Tactical Tailor

Archive for the ‘Disruptive Tech’ Category

Every Crisis Is An Opportunity

Friday, April 6th, 2018

Opportunity is everywhere. Thanks Nick for reminding me.

Innovation Showdown awards top prizes to Bounce Imaging, Veterans MFG and DetectaChem

Saturday, March 31st, 2018

COLLEGE STATION – Three companies won the top prizes in the “Under Fire Response Innovation Showdown,” an event which drew 20 innovative public safety technologies to College Station and Disaster City®. The winners were Bounce Imaging, Veterans MFG and DetectaChem. They were among the nine companies who made it to the final round in the two-day competition, and demonstrated their technologies for first responders at Disaster City.

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The Product Development Center at the Texas A&M Engineering Extension Service (TEEX) hosted the event, which invited 20 companies from 11 states and Switzerland to pitch their products before a panel of judges on March 8-9 and compete for cash prizes.

First place winner was Bounce Imaging of Buffalo, NY, which has developed a softball-sized, 360-degree camera that first responders could toss into a hostage situation or other hostile event to give them an inside view of the incident.

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Veterans MFG of Katy, TX, has developed lightweight body armor and bullet-resistant products for first responders.

DetectaChem of Stafford, TX, has a product that detects trace amounts of a drug using a swab kit and a smartphone application, allowing responders to analyze a drug sample in the field.

In addition to the top prizes, three companies were awarded in-kind services by Esri, Paragon Innovations and Ricochet Manufacturing. The companies who won those awards are RSQ Systems, HAAS Alert and Veterans MFG.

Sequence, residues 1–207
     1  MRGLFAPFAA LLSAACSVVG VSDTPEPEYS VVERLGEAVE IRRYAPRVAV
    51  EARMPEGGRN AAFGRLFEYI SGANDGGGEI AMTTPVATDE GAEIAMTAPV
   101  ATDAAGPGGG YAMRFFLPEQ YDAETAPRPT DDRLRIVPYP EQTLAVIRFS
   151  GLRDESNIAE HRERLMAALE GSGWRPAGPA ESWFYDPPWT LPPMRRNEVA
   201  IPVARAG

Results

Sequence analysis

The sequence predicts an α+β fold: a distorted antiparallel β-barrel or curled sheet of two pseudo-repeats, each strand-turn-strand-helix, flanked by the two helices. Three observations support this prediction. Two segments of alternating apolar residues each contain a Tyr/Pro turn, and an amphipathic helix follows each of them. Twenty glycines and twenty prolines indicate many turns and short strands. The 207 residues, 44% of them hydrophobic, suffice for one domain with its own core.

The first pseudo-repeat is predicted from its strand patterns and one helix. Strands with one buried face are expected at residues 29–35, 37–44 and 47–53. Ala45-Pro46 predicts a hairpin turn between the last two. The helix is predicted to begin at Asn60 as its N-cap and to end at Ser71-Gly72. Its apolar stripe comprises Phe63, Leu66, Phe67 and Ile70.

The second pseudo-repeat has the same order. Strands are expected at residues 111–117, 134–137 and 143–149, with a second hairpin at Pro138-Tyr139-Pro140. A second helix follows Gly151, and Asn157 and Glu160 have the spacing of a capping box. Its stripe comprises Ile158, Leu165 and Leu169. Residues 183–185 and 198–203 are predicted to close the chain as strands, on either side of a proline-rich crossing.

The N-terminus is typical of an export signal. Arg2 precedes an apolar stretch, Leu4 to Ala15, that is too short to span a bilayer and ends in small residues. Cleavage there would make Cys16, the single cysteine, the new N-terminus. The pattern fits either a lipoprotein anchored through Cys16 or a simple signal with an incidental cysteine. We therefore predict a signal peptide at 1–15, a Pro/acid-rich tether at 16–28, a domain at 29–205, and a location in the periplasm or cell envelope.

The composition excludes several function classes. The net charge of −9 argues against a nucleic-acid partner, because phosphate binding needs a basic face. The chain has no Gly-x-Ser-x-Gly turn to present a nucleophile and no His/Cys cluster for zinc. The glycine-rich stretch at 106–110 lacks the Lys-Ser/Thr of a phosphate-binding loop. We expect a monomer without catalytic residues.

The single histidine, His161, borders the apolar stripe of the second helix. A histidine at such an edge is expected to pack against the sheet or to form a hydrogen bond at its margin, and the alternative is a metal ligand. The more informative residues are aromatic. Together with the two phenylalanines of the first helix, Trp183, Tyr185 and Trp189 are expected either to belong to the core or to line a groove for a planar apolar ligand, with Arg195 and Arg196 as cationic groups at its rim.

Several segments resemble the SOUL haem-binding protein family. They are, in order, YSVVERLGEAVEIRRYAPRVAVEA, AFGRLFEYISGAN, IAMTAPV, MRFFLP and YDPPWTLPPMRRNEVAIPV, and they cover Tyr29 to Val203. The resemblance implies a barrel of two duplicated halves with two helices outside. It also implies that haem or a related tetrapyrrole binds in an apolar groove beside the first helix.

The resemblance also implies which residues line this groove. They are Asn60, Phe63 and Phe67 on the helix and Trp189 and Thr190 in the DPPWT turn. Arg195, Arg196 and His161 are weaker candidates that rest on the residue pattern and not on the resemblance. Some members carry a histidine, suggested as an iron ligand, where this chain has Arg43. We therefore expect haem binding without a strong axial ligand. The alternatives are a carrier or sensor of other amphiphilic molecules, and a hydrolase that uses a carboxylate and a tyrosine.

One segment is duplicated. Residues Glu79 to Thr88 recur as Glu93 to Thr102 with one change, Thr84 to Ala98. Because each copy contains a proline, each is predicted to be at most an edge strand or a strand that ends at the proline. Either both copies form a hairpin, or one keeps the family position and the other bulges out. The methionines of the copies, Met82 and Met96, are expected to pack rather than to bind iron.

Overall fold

Many company spokespersons said they were excited about the opportunity to showcase their product’s capabilities in front of potential users of the technology.

“It was an open forum for a wide variety of technologies,” said Caleb Holt, Manager of the Product Development Center. “The event focused on technologies that are targeted to provide first responders with a way to complete their tasks faster, more efficiently and/or safer for both the responders and citizens.”

He said the goals of the event were to expose first responders to emerging technologies that they could use in the real world to make their jobs easier and safer, to show companies the resources and facilities available at TEEX’s Disaster City, and to build the Product Development Center’s network of partners throughout the industry and first responder communities.

The next Under Fire event is being planned for March 2019.

About the TEEX Product Development Center

The Product Development Center, a center within the Texas A&M Engineering Extension Service, helps manufacturers, product developers, inventors, entrepreneurs, and businesses move products from an idea or concept to the global marketplace. The Center serves as a gateway to the engineering expertise, experienced market analysts, laboratories, and real-world facilities of The Texas A&M University System in order to ensure a product or technology stays on the path to commercialization. Using the proven process of THINK | BUILD | SELL, the PDC helps companies develop methodologies, recruit subject-matter experts, assess partnerships, and test and evaluate their products. The Center also offers TEEX TESTED™, a third-party, unbiased testing and validation that a technology performs reliably in real-world conditions.  teexpdc.com

FirstSpear Friday Focus – Disruptive Technology

Friday, March 2nd, 2018

In January 2012 FirstSpear introduced the first production tactical vest with a laser cut MOLLE compatible platform along with Tubes, a new standard for rapidly donning and doffing ballistic protection.  Since then the technology has been fielded with assets of the United States Department of Defense, State and Federal Law Enforcement Agencies and early adopters from the international special operations community.

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Ronnie Fowlkes, VP Business Development – “Everyone said the technology wouldn’t work when we first released it and thought we were crazy when we said we were discontinuing MOLLE permanently. Now, everyone else is trying to catch up and move this direction.”

Today, we take a look at some of these vests after more than five years of continuous field use.